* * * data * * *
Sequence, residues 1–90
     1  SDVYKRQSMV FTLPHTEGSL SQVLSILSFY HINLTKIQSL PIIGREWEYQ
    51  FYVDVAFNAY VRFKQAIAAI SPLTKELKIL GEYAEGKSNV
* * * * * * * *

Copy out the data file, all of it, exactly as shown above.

Sequence, residues 1–90
     1  SDVYKRQSMV FTLPHTEGSL SQVLSILSFY HINLTKIQSL PIIGREWEYQ
    51  FYVDVAFNAY VRFKQAIAAI SPLTKELKIL GEYAEGKSNV